Although we’d really kicked our wedding preparations into high gear after about May 22, when I’d returned from my place-based workshop to Chicago and Justin had finished his semester, the last week before the wedding was definitely major crunch time. Sometime before that, I’d made this calendar on a big piece of poster paper for the last two weeks, so that we could keep all our to-dos organized in one place. It’s not the most beautiful organizing tool, but it sure was convenient:
The week before the wedding, our lovely Madison friend Rachel came over to help assemble centerpieces. The beauty of the 100+ paper flowers and dried lemons I ended up making was that we could assemble all the centerpieces in advance and have them ready to just plop down on a table right before the wedding.
We’d previously thought about having one living element in our centerpieces, that being long green grasses from our front garden. But after Rachel and I spent way too much time trying to make the grass look pretty, two things happened that made us think we should probably just nix the grass in favor of all-previously-prepared items: (1) we realized it was really hard to make the grass look pretty, and (2) Eddie ate all the grass:
So we settled for a bundle of green Spanish moss inside the small glass vases, with home-dried lemons around the outside of the vase, and 11-13 yellow paper roses stuck into the moss, cut to emerge just outside the top of the vase.
While we assembled centerpieces, our friend Joelle (who you’ll remember from the amazing picnic she prepared for me during my prelims process), came over to display the latest version of the jewelry she was helping to make for me and for some of the wedding party. It was all so gorgeous that it made me giddy with excitement to wear it and see it worn on the big day. The jewelry was made from these beautiful green jade beads, modeled after this inspiration piece I found on Etsy :
On Monday, four days before the wedding weekend began, my parents arrived in town. It was so lovely to see them, and to realize how excited they were—like us—for the weekend to come. Mama brought with her the wedding chuppah cloth that she’d been working on for the past few months. From assorted scraps of cloth that our friends and family sent, she’d assembled this beauty:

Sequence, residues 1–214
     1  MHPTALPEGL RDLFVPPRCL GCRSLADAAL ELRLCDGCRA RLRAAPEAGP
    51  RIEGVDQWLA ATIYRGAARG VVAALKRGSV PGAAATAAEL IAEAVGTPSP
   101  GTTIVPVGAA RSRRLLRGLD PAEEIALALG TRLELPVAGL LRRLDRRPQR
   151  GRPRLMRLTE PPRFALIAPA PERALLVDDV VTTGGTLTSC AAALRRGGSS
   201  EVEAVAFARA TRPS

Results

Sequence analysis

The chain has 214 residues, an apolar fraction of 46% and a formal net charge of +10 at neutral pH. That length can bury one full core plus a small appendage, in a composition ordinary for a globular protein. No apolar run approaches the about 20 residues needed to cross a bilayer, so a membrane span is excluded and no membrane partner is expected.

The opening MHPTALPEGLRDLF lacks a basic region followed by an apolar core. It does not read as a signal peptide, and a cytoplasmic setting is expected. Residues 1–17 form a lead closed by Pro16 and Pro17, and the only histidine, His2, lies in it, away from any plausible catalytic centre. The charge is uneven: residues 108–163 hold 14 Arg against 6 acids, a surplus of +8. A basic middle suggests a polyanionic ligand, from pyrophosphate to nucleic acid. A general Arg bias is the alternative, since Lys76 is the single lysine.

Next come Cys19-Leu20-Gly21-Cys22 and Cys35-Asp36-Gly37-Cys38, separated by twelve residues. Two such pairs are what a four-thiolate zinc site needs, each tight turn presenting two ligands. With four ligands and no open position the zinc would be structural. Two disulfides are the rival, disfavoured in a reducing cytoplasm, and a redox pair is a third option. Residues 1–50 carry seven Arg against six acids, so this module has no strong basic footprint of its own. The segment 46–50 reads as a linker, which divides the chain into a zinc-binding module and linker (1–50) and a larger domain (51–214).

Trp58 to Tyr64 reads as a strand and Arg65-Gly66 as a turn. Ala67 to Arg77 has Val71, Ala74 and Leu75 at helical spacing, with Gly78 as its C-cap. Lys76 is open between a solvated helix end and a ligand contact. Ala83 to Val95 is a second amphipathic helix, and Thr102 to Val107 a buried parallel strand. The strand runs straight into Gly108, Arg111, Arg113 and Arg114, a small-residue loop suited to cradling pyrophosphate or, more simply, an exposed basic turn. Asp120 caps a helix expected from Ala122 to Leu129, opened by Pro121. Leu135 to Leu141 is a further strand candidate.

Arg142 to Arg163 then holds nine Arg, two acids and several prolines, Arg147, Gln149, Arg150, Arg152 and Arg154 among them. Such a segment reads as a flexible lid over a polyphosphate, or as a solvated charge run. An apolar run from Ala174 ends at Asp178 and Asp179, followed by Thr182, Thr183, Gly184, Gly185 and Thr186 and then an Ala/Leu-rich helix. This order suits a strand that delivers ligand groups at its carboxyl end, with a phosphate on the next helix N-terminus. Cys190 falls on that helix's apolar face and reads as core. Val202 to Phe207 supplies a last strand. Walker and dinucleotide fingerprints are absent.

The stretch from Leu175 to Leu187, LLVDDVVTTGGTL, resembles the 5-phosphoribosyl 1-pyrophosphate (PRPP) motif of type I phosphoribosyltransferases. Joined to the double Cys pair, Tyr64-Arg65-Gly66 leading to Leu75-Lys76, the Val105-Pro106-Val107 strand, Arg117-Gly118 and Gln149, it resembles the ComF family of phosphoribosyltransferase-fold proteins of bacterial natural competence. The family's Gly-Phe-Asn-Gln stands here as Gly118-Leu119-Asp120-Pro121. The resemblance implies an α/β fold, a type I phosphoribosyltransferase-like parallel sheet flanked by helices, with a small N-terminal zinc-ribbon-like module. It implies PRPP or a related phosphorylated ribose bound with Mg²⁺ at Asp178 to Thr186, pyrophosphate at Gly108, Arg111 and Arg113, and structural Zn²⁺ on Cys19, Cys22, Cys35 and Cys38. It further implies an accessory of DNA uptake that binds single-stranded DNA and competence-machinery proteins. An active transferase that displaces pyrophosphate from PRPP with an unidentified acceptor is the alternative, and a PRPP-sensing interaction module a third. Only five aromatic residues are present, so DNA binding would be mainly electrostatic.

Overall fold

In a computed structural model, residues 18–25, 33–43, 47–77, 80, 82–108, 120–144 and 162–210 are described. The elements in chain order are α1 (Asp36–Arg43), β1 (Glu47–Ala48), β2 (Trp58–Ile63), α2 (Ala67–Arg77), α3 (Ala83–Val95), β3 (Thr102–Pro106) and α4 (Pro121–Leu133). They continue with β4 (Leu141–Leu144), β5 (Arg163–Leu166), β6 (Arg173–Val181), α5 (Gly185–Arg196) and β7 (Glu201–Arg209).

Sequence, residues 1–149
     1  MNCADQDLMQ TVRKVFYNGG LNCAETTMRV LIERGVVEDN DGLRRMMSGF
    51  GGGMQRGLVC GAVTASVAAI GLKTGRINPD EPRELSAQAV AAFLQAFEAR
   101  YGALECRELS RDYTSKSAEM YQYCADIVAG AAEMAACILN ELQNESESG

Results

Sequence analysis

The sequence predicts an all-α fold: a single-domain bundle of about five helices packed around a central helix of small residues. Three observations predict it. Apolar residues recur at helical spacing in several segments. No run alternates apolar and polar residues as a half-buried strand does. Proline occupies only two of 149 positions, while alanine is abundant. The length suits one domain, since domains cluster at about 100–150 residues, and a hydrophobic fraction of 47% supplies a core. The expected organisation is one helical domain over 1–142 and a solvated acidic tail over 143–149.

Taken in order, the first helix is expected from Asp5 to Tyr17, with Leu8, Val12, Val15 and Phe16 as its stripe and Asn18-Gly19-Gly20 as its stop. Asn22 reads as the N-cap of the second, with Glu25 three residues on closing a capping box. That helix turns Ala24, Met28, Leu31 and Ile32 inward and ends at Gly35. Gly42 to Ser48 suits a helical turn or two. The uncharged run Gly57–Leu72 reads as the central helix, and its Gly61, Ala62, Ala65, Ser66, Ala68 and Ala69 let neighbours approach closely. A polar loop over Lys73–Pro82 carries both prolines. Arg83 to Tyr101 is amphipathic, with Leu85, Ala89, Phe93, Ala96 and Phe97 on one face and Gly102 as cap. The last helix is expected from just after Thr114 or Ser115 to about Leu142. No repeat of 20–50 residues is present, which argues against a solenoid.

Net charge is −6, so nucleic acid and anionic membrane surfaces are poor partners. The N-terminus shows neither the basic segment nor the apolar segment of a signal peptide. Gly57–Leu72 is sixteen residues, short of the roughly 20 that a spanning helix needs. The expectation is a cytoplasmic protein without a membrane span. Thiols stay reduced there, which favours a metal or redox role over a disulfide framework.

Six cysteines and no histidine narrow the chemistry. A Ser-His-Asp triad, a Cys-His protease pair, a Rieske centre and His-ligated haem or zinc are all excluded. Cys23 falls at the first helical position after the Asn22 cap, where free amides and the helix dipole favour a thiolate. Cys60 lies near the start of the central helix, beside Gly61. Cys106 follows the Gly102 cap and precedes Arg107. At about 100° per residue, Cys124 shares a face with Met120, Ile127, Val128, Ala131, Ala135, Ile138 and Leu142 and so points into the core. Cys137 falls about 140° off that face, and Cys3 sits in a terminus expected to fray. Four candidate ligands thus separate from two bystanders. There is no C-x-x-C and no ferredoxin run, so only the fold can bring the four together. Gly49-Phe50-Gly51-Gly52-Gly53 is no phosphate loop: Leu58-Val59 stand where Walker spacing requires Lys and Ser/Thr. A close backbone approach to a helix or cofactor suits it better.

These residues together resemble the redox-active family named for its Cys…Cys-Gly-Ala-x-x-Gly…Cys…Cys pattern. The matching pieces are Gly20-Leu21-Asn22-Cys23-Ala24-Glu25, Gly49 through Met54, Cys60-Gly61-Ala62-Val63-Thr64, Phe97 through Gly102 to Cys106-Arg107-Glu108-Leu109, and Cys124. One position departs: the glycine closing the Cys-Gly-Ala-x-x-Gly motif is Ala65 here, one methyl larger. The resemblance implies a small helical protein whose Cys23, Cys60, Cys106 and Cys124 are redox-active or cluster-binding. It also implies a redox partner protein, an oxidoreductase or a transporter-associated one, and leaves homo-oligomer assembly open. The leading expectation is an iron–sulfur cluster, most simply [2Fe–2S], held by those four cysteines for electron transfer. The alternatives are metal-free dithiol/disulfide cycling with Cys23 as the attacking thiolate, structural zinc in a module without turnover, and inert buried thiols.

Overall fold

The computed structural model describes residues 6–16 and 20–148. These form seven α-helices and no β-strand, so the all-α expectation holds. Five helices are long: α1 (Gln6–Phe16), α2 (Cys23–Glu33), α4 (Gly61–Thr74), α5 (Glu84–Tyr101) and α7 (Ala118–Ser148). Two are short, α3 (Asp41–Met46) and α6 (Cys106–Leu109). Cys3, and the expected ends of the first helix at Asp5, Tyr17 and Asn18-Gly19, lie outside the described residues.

(I'll post soon about each piece of fabric and who/where it came from.)
After we picked up the chuppah poles we were borrowing from the local Reconstructionist Jewish congregation and set the whole thing up in our backyard to test it out, we realized the chuppah would hold best if it had little loops in each corner, so Mama dutifully sewed them on. In addition, she took her sewing skills to my dress, as she altered it a little here and a little there, brought up the hem and readjusted the side pleats, removed some beads and made sure it all looked just so. Papa was no slacker either, though, as he set to cutting yellow circles of cloth for the centerpieces.
My lovely parents also helped to put together the hospitality bags, which, after some haggling, we decided to make for our guests, even though it sometimes seems like they’re more wasteful and more trouble than they’re worth. After I ordered a bunch of paper gift bags of ebay, we stuffed them with delicious Russian chocolates my parents had bought in a Russian store in Atlanta, with other snacks, and with a map, schedule, and welcome letter that I had put together. A copy of the letter can be found here.
In addition to our parents, our good friend from college Mike Roy (or, Our Kroy, as we call him) was around in Madison the week before the wedding, and helped out with lots of odds and ends that needed to get done, like writing notes in our guestbook, cutting the slips of paper for our one-year anniversary wishes, helping to shop for hospitality suite snacks, and helping us to find music for our reception, like this Korean gem, which--as some of you may remember--we later danced ridiculously to at the reception (just the background music in this video):